Data from: Population analysis reveals genetic structure of an invasive agricultural thrips pest related to invasion of greenhouses and suitable climatic space
Cao, Li-Jun et al. (2019), Data from: Population analysis reveals genetic structure of an invasive agricultural thrips pest related to invasion of greenhouses and suitable climatic space, Dryad, Dataset, https://doi.org/10.5061/dryad.bp27sd7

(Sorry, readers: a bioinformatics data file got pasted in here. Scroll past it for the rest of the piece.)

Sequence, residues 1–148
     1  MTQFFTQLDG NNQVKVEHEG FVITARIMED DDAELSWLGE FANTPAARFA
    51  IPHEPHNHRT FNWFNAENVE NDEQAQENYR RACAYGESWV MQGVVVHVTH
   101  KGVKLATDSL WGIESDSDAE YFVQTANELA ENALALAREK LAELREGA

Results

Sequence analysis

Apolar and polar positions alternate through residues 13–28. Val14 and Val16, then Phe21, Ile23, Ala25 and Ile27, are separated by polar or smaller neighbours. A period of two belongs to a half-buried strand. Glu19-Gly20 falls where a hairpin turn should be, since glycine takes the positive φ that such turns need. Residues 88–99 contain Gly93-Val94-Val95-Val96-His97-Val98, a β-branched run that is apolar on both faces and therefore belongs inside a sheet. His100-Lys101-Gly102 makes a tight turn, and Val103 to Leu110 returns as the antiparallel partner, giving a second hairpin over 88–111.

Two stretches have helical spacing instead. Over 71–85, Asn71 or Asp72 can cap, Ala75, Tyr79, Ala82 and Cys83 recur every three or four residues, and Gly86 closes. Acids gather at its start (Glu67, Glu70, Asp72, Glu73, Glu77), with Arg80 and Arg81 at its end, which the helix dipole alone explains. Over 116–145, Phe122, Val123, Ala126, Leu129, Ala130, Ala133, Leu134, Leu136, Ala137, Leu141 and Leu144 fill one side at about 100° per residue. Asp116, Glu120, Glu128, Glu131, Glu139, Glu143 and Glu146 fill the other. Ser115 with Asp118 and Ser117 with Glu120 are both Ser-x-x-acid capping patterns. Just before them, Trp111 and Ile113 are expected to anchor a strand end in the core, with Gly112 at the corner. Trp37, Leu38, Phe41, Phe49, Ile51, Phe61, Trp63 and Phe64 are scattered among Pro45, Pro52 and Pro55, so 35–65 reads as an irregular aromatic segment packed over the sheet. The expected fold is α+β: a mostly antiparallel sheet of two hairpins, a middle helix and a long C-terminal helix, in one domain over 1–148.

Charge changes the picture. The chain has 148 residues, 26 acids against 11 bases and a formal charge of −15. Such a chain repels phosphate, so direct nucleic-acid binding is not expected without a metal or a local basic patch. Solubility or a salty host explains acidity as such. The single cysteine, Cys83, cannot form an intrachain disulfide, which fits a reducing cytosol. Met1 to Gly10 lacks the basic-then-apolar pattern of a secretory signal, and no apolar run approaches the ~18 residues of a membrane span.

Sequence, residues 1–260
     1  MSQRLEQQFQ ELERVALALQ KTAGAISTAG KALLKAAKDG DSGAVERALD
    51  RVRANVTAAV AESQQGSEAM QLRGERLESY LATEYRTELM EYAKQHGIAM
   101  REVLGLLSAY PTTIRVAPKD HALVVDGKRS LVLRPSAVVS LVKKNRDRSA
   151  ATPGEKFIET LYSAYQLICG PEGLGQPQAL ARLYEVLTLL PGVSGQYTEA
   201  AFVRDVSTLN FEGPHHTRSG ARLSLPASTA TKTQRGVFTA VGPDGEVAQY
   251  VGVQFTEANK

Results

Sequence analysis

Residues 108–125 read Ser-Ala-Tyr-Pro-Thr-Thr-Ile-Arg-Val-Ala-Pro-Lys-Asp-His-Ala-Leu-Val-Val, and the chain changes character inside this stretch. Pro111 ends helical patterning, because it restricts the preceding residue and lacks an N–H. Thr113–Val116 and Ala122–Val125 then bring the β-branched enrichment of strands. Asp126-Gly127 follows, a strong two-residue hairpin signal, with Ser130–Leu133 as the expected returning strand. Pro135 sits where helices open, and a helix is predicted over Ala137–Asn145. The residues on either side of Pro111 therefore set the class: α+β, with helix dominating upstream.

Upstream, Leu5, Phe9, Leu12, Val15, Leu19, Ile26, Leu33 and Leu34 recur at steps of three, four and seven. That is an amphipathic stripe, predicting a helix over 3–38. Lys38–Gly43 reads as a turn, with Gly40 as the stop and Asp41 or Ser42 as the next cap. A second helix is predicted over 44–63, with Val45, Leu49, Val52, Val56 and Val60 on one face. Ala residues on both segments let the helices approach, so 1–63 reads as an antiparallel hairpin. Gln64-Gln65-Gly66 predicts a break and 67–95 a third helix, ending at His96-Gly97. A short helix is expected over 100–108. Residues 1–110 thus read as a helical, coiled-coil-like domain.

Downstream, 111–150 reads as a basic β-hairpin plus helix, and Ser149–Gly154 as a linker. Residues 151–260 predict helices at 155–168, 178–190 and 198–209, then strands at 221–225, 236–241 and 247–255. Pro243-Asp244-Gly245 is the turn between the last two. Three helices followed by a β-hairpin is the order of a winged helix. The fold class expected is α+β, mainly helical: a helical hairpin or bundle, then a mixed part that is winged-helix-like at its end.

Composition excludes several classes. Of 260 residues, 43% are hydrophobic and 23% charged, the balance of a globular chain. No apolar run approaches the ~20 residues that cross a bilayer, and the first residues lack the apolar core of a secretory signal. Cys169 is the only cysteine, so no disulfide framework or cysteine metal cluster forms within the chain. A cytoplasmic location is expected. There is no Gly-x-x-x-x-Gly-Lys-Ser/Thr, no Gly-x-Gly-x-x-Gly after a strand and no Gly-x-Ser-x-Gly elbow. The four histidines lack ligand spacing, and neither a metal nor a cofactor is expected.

Biological invasions of pests into climatically unsuitable areas can be facilitated by human-regulated environments, in which case there may be an impact on genetic structure through population processes and/or adaptation. Here, we investigated the population genetic structure of an invasive agricultural pest, Thrips palmi, in China, which has expanded its distribution range through using greenhouses. Early-invaded populations showed a relatively higher level of genetic diversity than recently-expanded greenhouse populations. Strong population genetic structure corresponded to a pattern of isolation by distance, with no recent gene flow and low historical gene flow among populations, reflecting limited ongoing dispersal. A genetic signature of population expansion was detected in early invaded populations and three northern populations from greenhouses, suggesting that the greenhouse environments facilitated expansion of this species. Redundancy analysis showed that the independent effects of environment and geography could explain 51.68% and 32.06% of the genetic variance, respectively. These findings point to climate- and greenhouse-related spatial expansion, with the potential for adaptation by T. palmi. They emphasize the contribution of human-regulated environments on the successes of this invasive species, a situation likely to apply to other invasive species that use greenhouse environments.